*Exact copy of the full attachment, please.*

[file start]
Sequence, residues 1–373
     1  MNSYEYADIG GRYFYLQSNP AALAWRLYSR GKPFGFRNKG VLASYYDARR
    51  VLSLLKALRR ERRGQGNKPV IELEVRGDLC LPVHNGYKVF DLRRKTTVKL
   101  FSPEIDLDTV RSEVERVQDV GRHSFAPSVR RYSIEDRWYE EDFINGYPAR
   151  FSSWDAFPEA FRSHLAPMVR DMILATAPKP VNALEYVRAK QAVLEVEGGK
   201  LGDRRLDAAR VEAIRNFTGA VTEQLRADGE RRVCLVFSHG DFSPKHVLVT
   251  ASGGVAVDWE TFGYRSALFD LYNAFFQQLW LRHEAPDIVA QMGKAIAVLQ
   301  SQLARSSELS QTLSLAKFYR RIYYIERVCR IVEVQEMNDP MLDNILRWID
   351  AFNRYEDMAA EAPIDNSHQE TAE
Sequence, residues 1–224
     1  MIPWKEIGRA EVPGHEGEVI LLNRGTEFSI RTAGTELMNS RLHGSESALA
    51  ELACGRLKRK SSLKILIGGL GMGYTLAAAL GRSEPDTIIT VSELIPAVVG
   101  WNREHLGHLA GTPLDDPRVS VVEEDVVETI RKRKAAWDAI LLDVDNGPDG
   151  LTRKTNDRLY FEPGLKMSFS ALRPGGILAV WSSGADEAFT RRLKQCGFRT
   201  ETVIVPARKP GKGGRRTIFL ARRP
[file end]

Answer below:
Sequence, residues 1–373
     1  MNSYEYADIG GRYFYLQSNP AALAWRLYSR GKPFGFRNKG VLASYYDARR
    51  VLSLLKALRR ERRGQGNKPV IELEVRGDLC LPVHNGYKVF DLRRKTTVKL
   101  FSPEIDLDTV RSEVERVQDV GRHSFAPSVR RYSIEDRWYE EDFINGYPAR
   151  FSSWDAFPEA FRSHLAPMVR DMILATAPKP VNALEYVRAK QAVLEVEGGK
   201  LGDRRLDAAR VEAIRNFTGA VTEQLRADGE RRVCLVFSHG DFSPKHVLVT
   251  ASGGVAVDWE TFGYRSALFD LYNAFFQQLW LRHEAPDIVA QMGKAIAVLQ
   301  SQLARSSELS QTLSLAKFYR RIYYIERVCR IVEVQEMNDP MLDNILRWID
   351  AFNRYEDMAA EAPIDNSHQE TAE
Sequence, residues 1–224
     1  MIPWKEIGRA EVPGHEGEVI LLNRGTEFSI RTAGTELMNS RLHGSESALA
    51  ELACGRLKRK SSLKILIGGL GMGYTLAAAL GRSEPDTIIT VSELIPAVVG
   101  WNREHLGHLA GTPLDDPRVS VVEEDVVETI RKRKAAWDAI LLDVDNGPDG
   151  LTRKTNDRLY FEPGLKMSFS ALRPGGILAV WSSGADEAFT RRLKQCGFRT
   201  ETVIVPARKP GKGGRRTIFL ARRP